Erica Baclawski, 2004, Cuts Like a Knife, acrylic on panel, 36 x 48 inches

Erica Baclawski, 2004, Dissection, acrylic on clay board, 18 x 24 inches

Erica Baclawski, 2004, Dissection II, acrylic on clay board, 18 x 24 inches

Marti Cormand, 2004, Landscape, oil on canvas, 20 x 38 inches

Marti Cormand, 2004, Landscape, oil on paper, 19.5 x 26.5 inches

Marti Cormand, 2004, Still Landscape, oil on paper, 10.5 x 14.5 inches

Mark Ferguson, 2004, Dot Painting #33, oil on canvas, 72 x 72 inches

Mark Ferguson, 2004, Little Wood #3 (Greens), oil, acrylic, and Sculptmetal on wood, 5 x 7 inches

Robert Jack, 2004, Call Forth, casein on wood, 11.75 x 23.75 inches

Robert Jack, 2004, Long Term, casein on wood, 11.75 x 11.75 inches

Robert Jack, 2004, Piece Slipping, casein on wood, 11.75 x 11.75 inches

Aaron Wexler, 2004, Deeper Into II, acrylic and paper collage on wood, 18 x 24 inches

Aaron Wexler, 2004, Strata, acrylic and paper collage on wood, 58 x 72 inches

Aaron Wexler, 2004, What She Think, acrylic and paper collage on wood, 36 x 24 inches

Puzzle Palace

October 28 – November 27, 2004


The gallery is pleased to announce Puzzle Palace an exhibition of painting by Erica Baclawski, Marti Cormand, Mark Ferguson, Robert Jack and Aaron Wexler. Puzzle Palace aims to capture a moment in time, it is a snapshot and sneak preview of the current production of five young New York based artists.

The works in Puzzle Palace constantly disclose that painting is a theater of manipulated information. The artists fluctuate within the systems of abstraction and figuration to bring painting to an articulate point of self-consciousness. The works in the exhibition portray the state of precarious imbalance we live in by staging various levels of artifice, between mirror and mirage, fact and fantasy.

Erica Baclawski’s paintings explore the psychological space between landscape and the body. While indulging in the conventions of the romantic legacy of landscape imagery, her paintings draw attention to its artifice. The view is always experienced through a window; architecture is the omnipresent frame of the panorama. A cool unreal lighting amplifies a sense of disenchantment and removed sentimentality.

With oil on canvas Marti Cormand builds a visual lexicon, connecting bits of discrete information into complex networks of spheres, tubes, vessels and modules. In a simultaneous series of associations the paintings evoke the architecture of science fiction, cellular configurations and 17th Century Vanitas. Qualities of transparency, density, light, shadow and extreme precision reference the technique of Vermeer. The occurrence of repetition, compression, decompression or translation of the image sets the grounds for a world of analogies. Music on canvas where everything appears to be but nothing is.

Aaron Wexler is interested in the fine line between desire and fear, fragility and stability. His cut-paper paintings juxtapose faintly outlined images: a jumping basketball player, a giant butterfly, a floating fragment of Wright’s Guggenheim Museum… The Ghostly mat acrylic surfaces of the paintings are gently incised and peeled away to reveal playful dreamscapes of free association.

A taxonomist armed with acrylic, ink and casein, Robert Jack collects and dissects elements with meticulous care. He classifies what he doesn't understand. After focusing on drawing for the past years, he presents a new group of paintings. A painting by Robert Jack is a silent process, an osmotic and homeopathic development. Each painting is an accumulation of signals, vibrations and variations impossible to detect without an extraordinary level of attention. Every aspect of reality becomes quietly interconnected. Nothing happens in a static or isolated form.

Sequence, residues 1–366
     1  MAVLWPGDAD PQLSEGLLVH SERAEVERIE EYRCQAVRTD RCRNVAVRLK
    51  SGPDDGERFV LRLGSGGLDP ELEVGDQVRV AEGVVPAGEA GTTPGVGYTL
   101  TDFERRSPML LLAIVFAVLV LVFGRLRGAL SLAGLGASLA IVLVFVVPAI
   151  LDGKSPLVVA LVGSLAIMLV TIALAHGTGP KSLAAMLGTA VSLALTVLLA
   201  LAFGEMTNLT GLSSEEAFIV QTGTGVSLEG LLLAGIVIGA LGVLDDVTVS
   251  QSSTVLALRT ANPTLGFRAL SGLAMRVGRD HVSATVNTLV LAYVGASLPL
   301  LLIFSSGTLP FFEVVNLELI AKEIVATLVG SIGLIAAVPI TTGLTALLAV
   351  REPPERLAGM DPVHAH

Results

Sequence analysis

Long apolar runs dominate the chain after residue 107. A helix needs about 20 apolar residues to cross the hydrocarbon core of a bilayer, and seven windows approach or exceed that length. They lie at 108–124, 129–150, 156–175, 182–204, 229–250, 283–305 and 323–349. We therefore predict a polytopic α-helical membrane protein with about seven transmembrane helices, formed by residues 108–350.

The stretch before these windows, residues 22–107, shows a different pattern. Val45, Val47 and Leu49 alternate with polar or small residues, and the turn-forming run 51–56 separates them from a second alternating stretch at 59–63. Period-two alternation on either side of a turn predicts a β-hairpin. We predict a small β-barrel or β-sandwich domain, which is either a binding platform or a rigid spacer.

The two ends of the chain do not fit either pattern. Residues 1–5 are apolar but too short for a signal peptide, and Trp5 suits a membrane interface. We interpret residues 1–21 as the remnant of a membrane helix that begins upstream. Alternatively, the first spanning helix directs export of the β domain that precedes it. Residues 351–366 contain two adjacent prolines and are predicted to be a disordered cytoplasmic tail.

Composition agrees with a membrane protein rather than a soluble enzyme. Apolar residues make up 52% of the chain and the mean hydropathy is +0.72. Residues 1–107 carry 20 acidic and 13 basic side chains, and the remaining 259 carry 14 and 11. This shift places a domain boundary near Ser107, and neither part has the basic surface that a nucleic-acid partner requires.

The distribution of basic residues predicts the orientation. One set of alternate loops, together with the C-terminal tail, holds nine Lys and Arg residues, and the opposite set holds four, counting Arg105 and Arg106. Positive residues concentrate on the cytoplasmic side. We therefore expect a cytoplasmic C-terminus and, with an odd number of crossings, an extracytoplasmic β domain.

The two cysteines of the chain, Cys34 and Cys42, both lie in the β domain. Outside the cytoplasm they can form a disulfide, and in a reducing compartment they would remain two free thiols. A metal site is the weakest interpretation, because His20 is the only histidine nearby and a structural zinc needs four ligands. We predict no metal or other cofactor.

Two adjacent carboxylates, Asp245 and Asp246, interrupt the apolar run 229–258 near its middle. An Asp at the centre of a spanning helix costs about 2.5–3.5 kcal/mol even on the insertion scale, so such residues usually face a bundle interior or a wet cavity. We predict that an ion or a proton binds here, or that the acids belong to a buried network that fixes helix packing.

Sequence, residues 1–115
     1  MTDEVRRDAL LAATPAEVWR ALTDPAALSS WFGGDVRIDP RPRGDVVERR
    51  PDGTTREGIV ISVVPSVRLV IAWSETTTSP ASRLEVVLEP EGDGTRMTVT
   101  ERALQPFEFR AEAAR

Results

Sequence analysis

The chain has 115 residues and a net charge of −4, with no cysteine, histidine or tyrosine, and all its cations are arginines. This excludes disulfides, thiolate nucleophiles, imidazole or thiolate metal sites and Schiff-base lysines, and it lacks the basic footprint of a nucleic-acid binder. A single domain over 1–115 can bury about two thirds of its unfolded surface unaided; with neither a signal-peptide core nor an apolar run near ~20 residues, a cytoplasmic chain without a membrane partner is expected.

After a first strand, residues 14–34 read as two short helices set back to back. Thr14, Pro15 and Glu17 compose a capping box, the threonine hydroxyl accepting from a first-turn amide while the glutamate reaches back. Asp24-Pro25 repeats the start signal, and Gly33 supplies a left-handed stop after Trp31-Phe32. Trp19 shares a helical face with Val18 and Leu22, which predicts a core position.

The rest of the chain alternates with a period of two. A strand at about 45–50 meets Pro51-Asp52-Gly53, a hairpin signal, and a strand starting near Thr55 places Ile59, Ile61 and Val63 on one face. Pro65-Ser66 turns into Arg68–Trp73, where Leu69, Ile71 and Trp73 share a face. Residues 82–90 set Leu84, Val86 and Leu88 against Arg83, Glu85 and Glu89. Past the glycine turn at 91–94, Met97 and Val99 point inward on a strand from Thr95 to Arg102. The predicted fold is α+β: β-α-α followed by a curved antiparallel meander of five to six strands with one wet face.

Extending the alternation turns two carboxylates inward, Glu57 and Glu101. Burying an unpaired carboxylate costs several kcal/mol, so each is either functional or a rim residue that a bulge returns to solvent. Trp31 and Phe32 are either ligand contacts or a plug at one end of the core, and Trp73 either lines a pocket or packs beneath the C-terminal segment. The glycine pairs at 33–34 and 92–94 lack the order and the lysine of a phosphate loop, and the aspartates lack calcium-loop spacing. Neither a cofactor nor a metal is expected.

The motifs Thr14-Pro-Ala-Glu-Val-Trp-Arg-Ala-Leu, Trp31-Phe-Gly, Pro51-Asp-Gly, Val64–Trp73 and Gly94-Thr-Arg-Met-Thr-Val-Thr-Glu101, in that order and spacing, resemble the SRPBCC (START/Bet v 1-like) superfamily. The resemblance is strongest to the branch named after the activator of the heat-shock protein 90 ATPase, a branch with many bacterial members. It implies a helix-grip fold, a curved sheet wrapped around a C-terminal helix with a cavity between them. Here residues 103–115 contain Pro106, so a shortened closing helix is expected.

Mark Ferguson’s retinal confections stage a toxic game. His paintings offer a concentration of information without the possibility to access it. They consist of dark backgrounds invaded by bright colored dots. In this new group, clusters of dots infiltrate the whole territory of the painting like color-coded information gone dysfunctional. The work offers an explosion of possible alternatives: a world where neither emptiness nor saturation dominates, where space and time are reconsidered for a new vocabulary to emerge.

Erica Baclawski
Born in 1976, she received her MFA from the University of Pennsylvania in 2003. Recent group shows include Stop and Store, Luxe gallery, New York and Plastic Gardens, Cristinerose|Josee Bienvenu Gallery.

Marti Cormand
Born in Spain 1970, recently moved to New York from Barcelona where he received his MFA. Recent shows include: Sicardi Gallery, Houston, TX; Gregory Lind Gallery, San Francisco, CA; Cristinerose|Josee Bienvenu Gallery, New York.

Mark Ferguson
Born in 1966, he received his MFA from the Pennsylvania Academy of the Fine Arts in 1994. Recent exhibitions include Mark Ferguson: Paintings, Cristinerose|Josee Bienvenu Gallery.

Robert Jack
Born in New Haven, Connecticut, 1971. Recent and upcoming exhibitions include: Systems Now, Elvehjem Museum of Art, University of Madison, WI; Microwave, Sicardi Gallery, Houston TX; Almost replicating, Cristinerose|Josee Bienvenu Gallery, New York.

Aaron Wexler
Born in Philadelphia in 1974, he received his M.F.A from The school of The Art Institute of Chicago in 1999. Recent and upcoming group shows in New York include: PS122 Gallery; Lehmann Maupin; 5BE, Oliver Kamm Gallery.